Under the Dome

Dome: Ruling goes in favor of sweepstakes games

From Staff ReportsApril 21, 2013 

Sweepstakes games are still being played on uncertain legal terrain in North Carolina, where court rulings and pressure to step up law enforcement are sending mixed messages.

On Thursday, Macon County District Court Judge Donna Forga found a convenience store owner, Michael Berry, not guilty on four misdemeanor charges of operating a sweeps machine at his store in violation of state law.

Earlier this month, a district court judge in Catawba County acquitted a convenience store employee who had been charged after police raided the business. A Durham Internet café owner is facing similar charges.

In December, the state Supreme Court upheld North Carolina’s ban on the games, but a bill has been introduced that would clarify the status of the industry and provide for regulation.

In the Macon County case, the game and the kiosk it’s in market and sell dollar-for-dollar gift certificates and credits that can be used at the company’s website, according to Berry’s attorneys. Sales of the cards and credits are promoted with free entry into sweepstakes games that require skill and dexterity, which the attorneys say makes them legal. Each sweepstakes entry has the same chance of winning and cannot be manipulated, and the devices have been tested by a certifying lab.

The attorneys said the game that is used to reveal winning sweepstakes entries was engineered to comply with North Carolina law. “The case represents a significant development in the evolving landscape of sweepstakes gaming laws in North Carolina,” Asheville attorneys George Hyler and Steve Agan said in a statement.

Ellmers behind in money race

U.S. Rep. Renee Ellmers of Dunn, a potential U.S. Senate candidate next year, has not yet begun cranking up her money-raising operation.

She raised $97,797 in political contributions during the first quarter of the year, according to federal campaign reports. She had $133,586 on hand at the end of March. That is fine for a congresswoman seeking re-election, but it’s not the kind of money associated with a Senate race.

Democratic U.S. Sen. Kay Hagan raised $1.6 million during the first quarter and had $2.7 million on hand at the end of the reporting period.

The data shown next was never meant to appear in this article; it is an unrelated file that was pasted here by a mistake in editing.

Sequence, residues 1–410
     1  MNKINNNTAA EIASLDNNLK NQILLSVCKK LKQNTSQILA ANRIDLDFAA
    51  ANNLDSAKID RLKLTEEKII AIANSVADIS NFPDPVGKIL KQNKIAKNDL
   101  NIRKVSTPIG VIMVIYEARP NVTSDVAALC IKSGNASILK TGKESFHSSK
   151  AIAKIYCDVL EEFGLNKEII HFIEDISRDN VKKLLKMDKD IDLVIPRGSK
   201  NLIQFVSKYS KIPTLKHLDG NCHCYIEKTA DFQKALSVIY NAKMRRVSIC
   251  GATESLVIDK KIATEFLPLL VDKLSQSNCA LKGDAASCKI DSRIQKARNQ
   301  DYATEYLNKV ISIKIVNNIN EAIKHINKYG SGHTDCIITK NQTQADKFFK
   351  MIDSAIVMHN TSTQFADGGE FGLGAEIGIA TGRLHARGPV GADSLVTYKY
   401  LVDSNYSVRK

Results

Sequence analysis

Democratic Rep. Mike McIntyre of Lumberton, who will likely face another tough re-election effort again next year, raised $118,779 in the first quarter and had $181,672 cash on hand.

Republican Rep. George Holding of Raleigh raised $110,992 in the first quarter and had $23,844 cash on hand.

Democratic Rep. David Price of Chapel Hill raised $41,305 during the first quarter and had $50,229 cash on hand. Democrat G.K. Butterfield of Wilson raised $45,500 and had $243,788 cash on hand.

Republican Walter Jones of Farmville raised $78,459 in the first quarter and had $104,530 cash on hand.

Republican Howard Coble of Greensboro raised $4,140 and had $37,681 cash on hand, a figure likely to fuel more rumors that he is nearing retirement.

Rep. Patrick McHenry of Cherryville raised $131,008 and had $206,048 on hand. Rep. Virginia Foxx of Banner Elk raised $92,519 and had $1.5 million cash on hand.

Republican Richard Hudson of Concord raised $207,122 and had $195,581 on hand – the classic profile of a freshman anxious to make sure he has enough money to fend off a challenger.

Republican Mark Meadows, another freshman, raised $26,787 and had $7,840 on hand. Still another freshman, Republican Robert Pittenger, had raised $59,815 and had $5,866. Both Meadows and Pittenger are wealthy businessmen capable of self-funding.

Democrat Mel Watt of Charlotte raised $1,000 and had $91,824 on hand – not the profile of a lawmaker preparing for re-election.

Jones joins Paul Institute

Jones, by the way, has joined the advisory board for the Ron Paul Institute for Peace and Prosperity, named after the former presidential candidate and former Texas congressman.

The institute will focus on foreign policy issues including creating a “peace and prosperity index” to record the votes of members of Congress. Besides Jones, the advisory board includes former U.S. Rep. (and presidential candidate) Dennis Kucinich of Ohio and Rep. John Duncan of Tennessee.

At an event Wednesday, Jones gave an intense speech in which he said he regretted his vote authorizing the war in Iraq and said former President George W. Bush should have been impeached for engaging in battle without a formal declaration of war, according to the National Review Online.

Staff writers Craig Jarvis and Rob Christensen

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